The document gathers policy tools that have been used successfully by large and small municipalities across the country.
A panel of experts has been tasked with developing a Community Safety and Well-Being Plan for the City of Victoria. The goal is to address multiple complex issues such as "declining civility and social cohesion, increasing social disorder, inadequate housing supply and homelessness, poverty, inequality, addictions, mental and physical health challenges, criminal activity and other factors."
The panel will work over the next 15 months to advise Victoria council on immediate interventions as well as long-term solutions.
"I’m in frequent contact with the business community throughout the downtown and beyond and I’m consistently hearing that the impact of the pandemic is far from over," Fort Properties Ltd. CEO/co-owner Suzanne Bradbury said in the city's news release. "I believe that this is the right initiative at the right time and I’m honoured to bring a small business perspective.”
Along with Bradbury, the panel includes:
In Greater Victoria, The Chamber serves as the voice of business by amplifying what we hear from our members. We can then further raise the volume by working with our national network to include the questions and concerns of more than 200,000 businesses across Canada.
A recent example is the 2024 pre-budget recommendations submitted by the Canadian Chamber to the federal government. The submission calls for for investment in trade-enhancing infrastructure, easing the burden of doing business, facilitating the transition to net-zero, enabling an innovative economy, attracting and retaining talent and taking a lead role in life sciences.
To learn more about the work done by The Chamber's Public Policy and Advocacy committee, contact firstname.lastname@example.org.
The Canadian economy continued to show resiliency this spring. Statistics Canada reports that Gross Domestic Product stayed in positive territory. The Bank of Canada will make its next interest rate announcement on Sept. 6.
Business leaders will be watching closely as high-interest rates used to fight inflation have a direct impact on the cost of investment. A Globe and Mail interview with CIBC World Markets' deputy chief economist Benjamin Tal is a good read for insights to help cut through the confusing times. Tal said he thinks interest rates have peaked or are close to the peak. He added that conditions are right for rapid growth in business investment in 2025 as inflation subsides and productivity increases thanks to innovations such as AI.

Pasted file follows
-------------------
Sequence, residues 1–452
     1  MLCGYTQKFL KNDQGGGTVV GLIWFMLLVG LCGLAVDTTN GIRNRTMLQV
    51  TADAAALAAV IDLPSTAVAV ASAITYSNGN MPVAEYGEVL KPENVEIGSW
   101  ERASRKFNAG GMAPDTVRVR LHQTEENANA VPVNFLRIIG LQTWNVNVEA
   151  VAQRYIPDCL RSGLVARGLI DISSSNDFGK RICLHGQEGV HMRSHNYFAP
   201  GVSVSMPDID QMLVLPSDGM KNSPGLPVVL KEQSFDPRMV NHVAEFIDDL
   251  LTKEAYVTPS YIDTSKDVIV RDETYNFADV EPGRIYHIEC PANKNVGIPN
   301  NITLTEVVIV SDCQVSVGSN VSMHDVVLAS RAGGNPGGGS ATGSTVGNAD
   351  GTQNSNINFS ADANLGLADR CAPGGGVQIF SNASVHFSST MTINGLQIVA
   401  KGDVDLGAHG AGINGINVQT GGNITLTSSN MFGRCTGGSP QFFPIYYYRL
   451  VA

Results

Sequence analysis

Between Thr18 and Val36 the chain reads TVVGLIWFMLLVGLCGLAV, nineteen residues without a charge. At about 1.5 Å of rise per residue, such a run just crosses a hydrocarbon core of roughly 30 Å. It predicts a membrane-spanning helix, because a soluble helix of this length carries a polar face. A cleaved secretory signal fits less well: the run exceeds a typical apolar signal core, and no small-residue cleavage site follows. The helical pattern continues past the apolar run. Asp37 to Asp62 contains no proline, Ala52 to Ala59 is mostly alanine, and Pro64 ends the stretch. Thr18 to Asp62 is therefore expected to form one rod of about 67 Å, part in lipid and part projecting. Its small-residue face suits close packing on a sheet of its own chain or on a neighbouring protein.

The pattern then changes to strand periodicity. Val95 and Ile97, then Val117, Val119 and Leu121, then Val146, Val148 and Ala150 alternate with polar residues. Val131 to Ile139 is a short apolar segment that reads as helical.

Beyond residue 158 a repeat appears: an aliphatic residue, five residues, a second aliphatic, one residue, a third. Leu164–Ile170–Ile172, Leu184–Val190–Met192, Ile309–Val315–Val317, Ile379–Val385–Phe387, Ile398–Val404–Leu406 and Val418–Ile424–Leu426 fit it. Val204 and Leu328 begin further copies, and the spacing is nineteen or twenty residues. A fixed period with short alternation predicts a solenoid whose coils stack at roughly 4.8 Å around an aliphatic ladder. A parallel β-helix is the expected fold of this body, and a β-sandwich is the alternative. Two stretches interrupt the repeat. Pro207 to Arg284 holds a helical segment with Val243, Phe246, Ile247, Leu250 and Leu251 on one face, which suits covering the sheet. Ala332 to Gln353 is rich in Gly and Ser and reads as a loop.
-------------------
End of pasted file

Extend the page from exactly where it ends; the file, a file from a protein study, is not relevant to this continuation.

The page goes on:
The City of Victoria is considering a program that will help spruce up the look of businesses in the downtown core. The Business Façade Beautification Reimbursement Program is on the agenda for Thursday's council meeting. The city and the Downtown Victoria Business Association would split the cost of the program.
“This is an incentive to the property owners and the businesses on that block to join together and make their block look better," DVBA CEO Jeff Bray told the Times Colonist. "And I think when you do that over a handful of key blocks, it will be very noticeable.”
The Township of Esquimalt and the Esquimalt Chamber of Commerce introduced the Business Façade Improvement Project this year.
"As the Greater Victoria Chamber of Commerce, we support investment in our very important downtown centres," Chamber CEO Bruce Williams said. "They're not all the same, of course, but they all need to be safe communities. The best way to do that is to support community pride led by local business."
The blue skies of summer appear to reflect the sunny disposition of spenders, according to July's Consumer Confidence Index.
The Conference Board of Canada reported an increase of 5.5 points over the previous month. The long range outlook was more moderate, though it seems a majority of Canadians are hopeful that better economic times are ahead.
In BC, consumers were buoyed by the provincial benefits handed out to more than two million people. The climate tax credit and increased family benefit helped individuals facing higher costs due to inflation.
"We encourage everyone who has been helped by these benefits to remember the importance of helping local business," Chamber CEO Bruce Williams said. "Investment in the economy works by supporting the people in our community who provide the goods and services we all rely on."
Arriving at work to find your storefront window smashed or property vandalized can be a nightmare for business owners and their staff. Dealing with the cost of repairs or insurance paperwork can add to the anxiety.
A new provincial program starting in the fall will help businesses invest in preventative measures, and assist with the clean up if a property crime happens. The $10.5 million Securing Small Business Rebate Program will be retroactive to Jan. 1, 2023.
Businesses can apply for up to $2,000 to help cover the cost of cleaning up broken glass and graffiti and up to $1,000 for vandalism prevention such as security cameras or gates.
The Chamber is calling on the federal government to give businesses who needed help during the pandemic more time to repay their Canada Emergency Business Account loans.
A letter to the federal Finance Minister was signed by more than 240 Canadian business organizations.